Nebraska and North Carolina soon added their own programs, and the Washington Legislature cleared the way for “Save to Win” in 2011. Total savings to date in a program that provides an incentive to save for underserved consumers who may never have had a savings account before: more than $70 million. (Read more about Save to Win here.)
     

  • The Savings Revolution: Introduced and tested at i3 in 2007, The Savings Revolution uses credit union coaches to help families save money and reduce debt through a contest that Gabel describes as “The Biggest Loser meets financial literacy.” Credit union members compete to meet savings and debt-reduction goals, and then network with other members via social media and other channels to share their progress and find inspiration in how others respond to their own financial challenges.

    “The purpose of the program is to educate members about the importance of savings and drive deposit growth at credit unions,” Pickens says. “It engages real families in a savings challenge that educates them on how to save, and it’s scalable to reach more families than those selected, so anyone can play along at home.”
     

  • Debt in Focus: Consumers who are intimidated by traditional financial guidance continue to find help from Debt in Focus, an i3 innovation now known as SavvyMoney. The anonymous, online financial assessment tool allows consumers to quickly and easily receive free, customized financial guidance from their credit union around the clock, from anywhere with an Internet connection. Users are never required to input any self-identifying information, freeing them to openly share even the hardest-to-discuss financial data.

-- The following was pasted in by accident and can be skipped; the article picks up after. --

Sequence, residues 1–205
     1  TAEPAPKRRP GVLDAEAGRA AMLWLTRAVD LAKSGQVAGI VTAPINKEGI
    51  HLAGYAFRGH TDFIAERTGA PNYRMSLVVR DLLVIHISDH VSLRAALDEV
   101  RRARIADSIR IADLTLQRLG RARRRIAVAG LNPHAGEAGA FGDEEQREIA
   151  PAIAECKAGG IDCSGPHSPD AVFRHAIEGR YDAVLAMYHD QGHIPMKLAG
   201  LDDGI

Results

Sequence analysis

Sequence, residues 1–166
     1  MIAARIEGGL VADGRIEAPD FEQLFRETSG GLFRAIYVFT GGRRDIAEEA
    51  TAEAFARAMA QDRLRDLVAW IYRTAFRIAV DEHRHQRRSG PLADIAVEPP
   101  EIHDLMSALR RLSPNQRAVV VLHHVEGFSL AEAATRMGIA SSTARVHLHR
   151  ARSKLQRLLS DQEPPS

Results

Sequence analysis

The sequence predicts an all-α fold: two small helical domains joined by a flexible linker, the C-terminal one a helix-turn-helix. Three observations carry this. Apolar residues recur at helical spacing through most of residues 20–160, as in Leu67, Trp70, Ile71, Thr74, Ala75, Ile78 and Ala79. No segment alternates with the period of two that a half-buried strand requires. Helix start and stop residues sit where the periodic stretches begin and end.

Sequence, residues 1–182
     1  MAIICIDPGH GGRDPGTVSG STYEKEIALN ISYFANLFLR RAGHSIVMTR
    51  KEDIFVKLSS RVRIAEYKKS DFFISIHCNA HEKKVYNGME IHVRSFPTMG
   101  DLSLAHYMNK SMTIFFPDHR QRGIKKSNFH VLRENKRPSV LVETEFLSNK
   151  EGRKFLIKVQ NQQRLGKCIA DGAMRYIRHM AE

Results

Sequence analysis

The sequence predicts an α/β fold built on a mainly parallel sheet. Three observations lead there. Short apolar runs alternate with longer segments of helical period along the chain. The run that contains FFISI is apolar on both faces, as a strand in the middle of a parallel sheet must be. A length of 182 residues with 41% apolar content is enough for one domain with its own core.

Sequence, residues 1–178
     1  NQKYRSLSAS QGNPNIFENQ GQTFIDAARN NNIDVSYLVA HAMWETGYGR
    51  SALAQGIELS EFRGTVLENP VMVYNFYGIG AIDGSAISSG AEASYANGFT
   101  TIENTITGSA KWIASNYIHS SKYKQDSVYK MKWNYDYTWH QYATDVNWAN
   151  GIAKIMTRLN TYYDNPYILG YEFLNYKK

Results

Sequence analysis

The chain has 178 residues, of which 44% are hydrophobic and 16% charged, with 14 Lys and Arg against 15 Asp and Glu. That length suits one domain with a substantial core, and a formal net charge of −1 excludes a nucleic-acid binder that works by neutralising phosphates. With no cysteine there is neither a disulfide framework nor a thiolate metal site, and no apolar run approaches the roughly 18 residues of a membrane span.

Several other projects stand out to Werts.

“One was a program that identified red flags of elderly financial abuse and applied them to a monitoring of member account activity to generate alerts,” he says. “Another one, created by one of my groups, is a phone application that allows a student to pick a major, a career and a college or university. The application will provide an ROI analysis on the cost of education versus the salary and income associated with the chosen career and major.”

Vance says he also really likes an i3 program called LIFT (Lower Interest For Timeliness), which he helped to pilot. “This was a great idea that allowed high-risk borrowers to reduce the interest rate on their auto loans by making consecutive timely loan payments,” he says. “It allowed for proactive rewards for high-risk borrowers, and it helped gain great loyalty via word of mouth for credit unions.”

Vance says he hopes to see one of his ideas on a future list of i3 successes. “I’d love to know that one of the ideas my team builds gets put into Filene’s ‘idea incubator’ and is pushed to a large-scale pilot project,” he says.

Gabel says she hopes other Northwest credit union professionals will join Vance in that quest.

“Curious, entrepreneurial, determined, resourceful, one-of-a-kind – these are the words that describe those who fit in i3,” she says. “The Northwest is known for its progressive credit unions and for fostering those kinds of people. So the question isn’t why someone from the Northwest should apply. The question is, ‘Why not?’”

For more information about Filene’s i3 program, including information on previous projects, a list of past and current participants, and details about how to apply or nominate a colleague, go to filene.org/community/i3.

Questions? Contact Gary Stein: 503.350.2216, gstein@nwcua.org.